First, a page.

Aussie Yield Spread Seen Sinking to 2001 LowKevin Buckland
The yield advantage on Australian sovereign bonds may crash to the least since 2001 as the central bank shows it’s willing to cut record-low interest rates even further, the nation’s largest lender said.
The extra yield benchmark Australian notes offer over U.S. counterparts will shrink to 80 basis points by 2015 and may drop to as little as 50, Commonwealth Bank of Australia forecasts. The gap will narrow to 87 basis points by September 2014, according to Bloomberg News surveys of economists, after touching 107 yesterday, the least since November 2008.
The Reserve Bank said this week it retains scope to cut rates as the economy is dragged down by the end of a record mining investment boom and manufacturing struggles to fill the gap. Lower borrowing costs would further reduce sovereign yields and weaken the Aussie dollar just as the U.S. Federal Reserve signals it may reduce monetary stimulus this year.
“We are going to have a slowdown in Australia, and if things go badly, it could turn into a recession,” said Philip Brown, a fixed-income strategist at Sydney-based CBA. If the run of poor data continues in Australia against the backdrop of a resurgent U.S., a spread of 50 basis points is plausible, according to CBA.
The 10-year rate rose 21 basis points to 3.63 percent at 5:18 p.m. in Sydney, compared with 2.36 percent for similar-dated Treasuries. Australian sovereign debt returned 1.2 percent from the end of March to June 18, while U.S. bonds handed investors a 1 percent loss, Bank of America Merrill Lynch indexes show.
The gap to Treasuries reached 51 basis points on March 28, 2006, the least since May 2001, before soaring to a decade-high of 277 in February 2008.
“The inflation outlook as currently assessed might provide some scope for further easing, should that be required to support demand,” the RBA said this week in minutes from its June 4 meeting, when it left its benchmark at 2.75 percent.
The central bank repeated that resource investment was near its peak and would remain high for the next year or so. There was “considerable uncertainty” beyond that, it said.
Manufacturing has failed to signal it can pick up the slack. It contracted for a 15th month in May, after dropping to a four-year low the month before, according to purchasing managers surveys by Australian Industry Group.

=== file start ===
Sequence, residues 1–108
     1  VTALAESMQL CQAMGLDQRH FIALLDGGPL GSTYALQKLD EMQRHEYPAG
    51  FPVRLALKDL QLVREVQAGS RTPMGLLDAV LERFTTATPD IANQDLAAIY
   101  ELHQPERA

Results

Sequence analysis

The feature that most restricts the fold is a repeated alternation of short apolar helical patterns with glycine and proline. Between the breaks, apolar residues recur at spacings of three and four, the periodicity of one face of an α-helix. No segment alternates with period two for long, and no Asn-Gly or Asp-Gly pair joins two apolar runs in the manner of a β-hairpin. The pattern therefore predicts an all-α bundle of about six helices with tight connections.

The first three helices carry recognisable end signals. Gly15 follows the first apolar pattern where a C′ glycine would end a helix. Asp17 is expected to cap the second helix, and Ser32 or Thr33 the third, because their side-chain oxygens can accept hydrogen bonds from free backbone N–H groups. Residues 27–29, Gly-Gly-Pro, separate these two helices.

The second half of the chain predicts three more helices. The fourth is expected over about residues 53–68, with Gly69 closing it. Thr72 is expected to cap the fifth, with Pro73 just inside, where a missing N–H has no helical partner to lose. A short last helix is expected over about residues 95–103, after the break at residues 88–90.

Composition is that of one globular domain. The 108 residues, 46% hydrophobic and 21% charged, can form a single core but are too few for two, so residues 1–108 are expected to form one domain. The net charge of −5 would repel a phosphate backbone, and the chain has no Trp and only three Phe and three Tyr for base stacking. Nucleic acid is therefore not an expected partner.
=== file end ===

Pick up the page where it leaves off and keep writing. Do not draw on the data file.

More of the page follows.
“It’s the transition phase in the Australian economy that’s concerning the market,” said Steven Mansell, the Sydney-based head of Group of 10 rates strategy for the Asia-Pacific region at Citigroup Inc. “The market will hold on to expectations of lower policy rates, whereas the only way is up in the U.S.”
Swaps markets are pricing in 29 basis points of RBA cuts over the coming year, while they see the equivalent of 17 basis points of interest-rate increases by the Fed, according to Credit Suisse Group AG indexes.
U.S. economic growth has trailed Australia’s since 2006. It will recover to match the South Pacific nation by 2015, with both nations’ output increasing 3 percent that year, according to the median forecast of economists polled by Bloomberg. Strategists raised their forecasts for the possibility of an Australian recession in the next 12 months to 10 percent this month, from 5 percent in May.
The Fed may start dialing down its unprecedented bond-buying program this year and end it entirely in mid-2014 if the economy finally achieves the sustainable growth policy makers have sought since the recession ended in 2009, Chairman Ben S. Bernanke said yesterday.
The U.S. central bank left the monthly pace of bond purchases unchanged at $85 billion, while saying that “downside risks to the outlook for the economy and the labor market” have diminished.
“With all the liquidity awash in the world, and an uncertain world with no growth, what you do is search for yield, and Australia’s triple-A bond market was one of the primary beneficiaries,” said Sam Tuck, a senior foreign-exchange manager at ANZ Bank New Zealand Ltd. in Auckland. “Now that can start to unwind.”
The prospect of a narrowing yield gap and slowing economic growth has made Australia’s dollar the worst performer over the past three months among 10 developed-market currencies tracked by Bloomberg Correlation-Weighted Indexes. It has fallen more than 11 percent, while the U.S. dollar advanced 0.8 percent.
Futures traders extended record bets that the Aussie will fall against the greenback, figures from the Washington-based Commodity Futures Trading Commission from last week showed. Traders swung to a record 63,277 net positions betting on Aussie declines on June 11, from net longs of 83,971 on April 2.
“There’s been a shift in relative fortunes,” said Janu Chan, a Sydney-based economist at St. George Bank Ltd. “There’s a realization that the gap between Australia and the U.S. is shrinking.”